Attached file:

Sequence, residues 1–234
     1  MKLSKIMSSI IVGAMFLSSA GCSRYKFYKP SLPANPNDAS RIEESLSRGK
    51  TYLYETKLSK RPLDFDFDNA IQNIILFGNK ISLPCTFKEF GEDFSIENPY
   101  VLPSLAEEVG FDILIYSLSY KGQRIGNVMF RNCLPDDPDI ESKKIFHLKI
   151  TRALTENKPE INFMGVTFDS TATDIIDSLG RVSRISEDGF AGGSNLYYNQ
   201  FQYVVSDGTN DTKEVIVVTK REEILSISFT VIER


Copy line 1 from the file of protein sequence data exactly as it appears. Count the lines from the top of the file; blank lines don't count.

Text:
Sequence, residues 1–234